The Sovereign Sword by Darksword Armory shows just how far this company has come since I first reviewed their swords in 2005 or so..
The medieval sword market demanded lighter blades, faster blades and historically accurate designs.
Darksword listened, and no sword better exemplifies these changes than the Sovereign Sword.
Review by SBG Editor in Chief, Paul Southren
Upon opening the box, the first thing I noticed was that the Sovereign Sword was essentially mummified in plastic wrap.
It took on average about 20 mins to unveil as the cling wrap is so tight you cannot risk using a knife scratching it up. It is an interesting, if somewhat frustrating process, giving you tantalizing glimpses of the sword as each part peeks out bit by bit.
But when finally free, and in the hand, this is a sword that cannot fail to impress..
Pics actually do not do this sword justice.
There is little doubt that the hilt of the Sovereign sword is both ornate and extremely attractive to the eye.
Made with dark stained, slightly diamond shaped oak handle and beautiful cast bronze fittings, the fittings of this sword are breathtakingly beautiful.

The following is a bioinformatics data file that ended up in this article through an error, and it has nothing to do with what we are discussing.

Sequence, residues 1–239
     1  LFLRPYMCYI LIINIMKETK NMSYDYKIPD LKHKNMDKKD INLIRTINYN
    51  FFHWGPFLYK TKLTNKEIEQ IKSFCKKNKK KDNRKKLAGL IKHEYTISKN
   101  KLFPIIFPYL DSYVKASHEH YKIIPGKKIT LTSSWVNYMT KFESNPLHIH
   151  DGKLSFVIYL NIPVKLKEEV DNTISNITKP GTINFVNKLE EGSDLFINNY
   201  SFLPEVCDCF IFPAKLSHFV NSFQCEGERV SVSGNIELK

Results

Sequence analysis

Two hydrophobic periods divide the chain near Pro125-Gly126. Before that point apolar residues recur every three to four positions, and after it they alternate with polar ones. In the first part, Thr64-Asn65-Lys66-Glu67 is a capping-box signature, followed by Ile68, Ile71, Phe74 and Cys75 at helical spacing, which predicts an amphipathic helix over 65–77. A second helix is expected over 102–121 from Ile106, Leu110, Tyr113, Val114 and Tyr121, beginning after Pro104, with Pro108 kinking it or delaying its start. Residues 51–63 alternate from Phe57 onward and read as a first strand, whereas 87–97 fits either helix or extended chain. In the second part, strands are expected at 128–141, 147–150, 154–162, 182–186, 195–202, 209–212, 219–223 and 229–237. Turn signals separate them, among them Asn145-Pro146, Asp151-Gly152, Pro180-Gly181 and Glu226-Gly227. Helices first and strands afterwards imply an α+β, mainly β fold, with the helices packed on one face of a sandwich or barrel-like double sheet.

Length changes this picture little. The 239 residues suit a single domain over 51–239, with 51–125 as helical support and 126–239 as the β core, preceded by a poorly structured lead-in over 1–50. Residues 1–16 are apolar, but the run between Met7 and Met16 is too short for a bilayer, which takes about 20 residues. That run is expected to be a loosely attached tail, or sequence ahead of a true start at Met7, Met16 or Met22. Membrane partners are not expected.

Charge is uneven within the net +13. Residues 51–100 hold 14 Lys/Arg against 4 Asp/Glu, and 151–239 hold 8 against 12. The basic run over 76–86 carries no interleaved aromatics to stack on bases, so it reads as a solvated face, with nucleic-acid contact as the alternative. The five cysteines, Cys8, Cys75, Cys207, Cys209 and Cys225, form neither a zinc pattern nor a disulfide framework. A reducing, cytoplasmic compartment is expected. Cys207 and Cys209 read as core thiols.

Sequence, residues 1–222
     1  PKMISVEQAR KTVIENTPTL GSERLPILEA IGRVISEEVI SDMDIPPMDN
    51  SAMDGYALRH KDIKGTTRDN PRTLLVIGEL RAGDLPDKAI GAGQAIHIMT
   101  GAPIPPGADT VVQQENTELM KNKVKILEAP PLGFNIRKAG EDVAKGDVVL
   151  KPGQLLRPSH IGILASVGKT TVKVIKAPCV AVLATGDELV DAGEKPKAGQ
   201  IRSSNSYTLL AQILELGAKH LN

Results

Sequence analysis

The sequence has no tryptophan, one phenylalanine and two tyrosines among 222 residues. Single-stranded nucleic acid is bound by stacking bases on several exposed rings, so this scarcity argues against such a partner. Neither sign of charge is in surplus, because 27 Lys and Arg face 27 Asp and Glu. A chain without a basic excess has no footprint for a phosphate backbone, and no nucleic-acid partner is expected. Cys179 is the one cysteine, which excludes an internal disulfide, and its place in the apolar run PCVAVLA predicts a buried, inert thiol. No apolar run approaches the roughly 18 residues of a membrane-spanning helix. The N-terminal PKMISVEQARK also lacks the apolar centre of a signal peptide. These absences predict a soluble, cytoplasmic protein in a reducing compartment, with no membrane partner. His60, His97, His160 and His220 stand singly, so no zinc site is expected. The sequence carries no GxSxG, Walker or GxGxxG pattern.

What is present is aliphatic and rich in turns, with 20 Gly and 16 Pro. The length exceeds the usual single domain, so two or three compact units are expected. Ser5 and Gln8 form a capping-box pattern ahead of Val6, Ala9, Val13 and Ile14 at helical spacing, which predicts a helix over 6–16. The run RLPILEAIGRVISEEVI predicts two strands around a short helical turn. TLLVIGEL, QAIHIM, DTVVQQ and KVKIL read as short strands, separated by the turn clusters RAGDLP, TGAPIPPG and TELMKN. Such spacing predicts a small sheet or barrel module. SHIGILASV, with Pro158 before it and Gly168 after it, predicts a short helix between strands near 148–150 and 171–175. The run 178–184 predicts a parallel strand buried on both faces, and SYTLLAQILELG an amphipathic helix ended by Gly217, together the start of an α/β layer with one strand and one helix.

The brass and dark, almost black oak combination is particularly fetching. The pommel itself, which flows smoothly onto the handle, is extremely ornate and is a direct casting of an actual antique pommel that the owner of Darksword has in his personal collection - so there is no question as to its authenticity.
The cross-guard has a matching French style motif with similar patterning and the detail is exquisite.
The only thing I could fault with the cross-guard was that the alignment of the central ridge of the blade and the point of the guard was slightly misaligned as you can see from the picture above.
However, this is not unusual on actual antique swords either - many swords in museums or private collections have this same cosmetic flaw, so if anything, it makes it even more genuine and adds a little character..
The fit between the guard and the blade is otherwise excellent, there is no wiggle, 'tink-tink' sounds or movement and the entire construction feels extremely solid.
Overall, an excellent start. And it just keeps getting better..
The Sovereign Sword has a blade hand forged in Canada from 5160 Spring Steel.
One notable feature is the hollow ground blade - that is to say - a cross section something like a flared diamond.
This kind of design is kind of like a reverse fuller - making the blade lighter and giving it better balance than it would otherwise be.
This central ridge line extends all the way to the tip, which is extremely acute and designed to optimize the thrust against gaps in armor commonly used in the 15th century.
As you can see from the picture above, the ridge line is perfectly formed and flows into the tip, reinforcing it for even more durability.
You can also see it has a very slight secondary bevel - and even though this is the 'unsharpened' version, it is only a hairs breadth away from being sharp - and would be extremely easy to sharpen to a razors edge if so desired.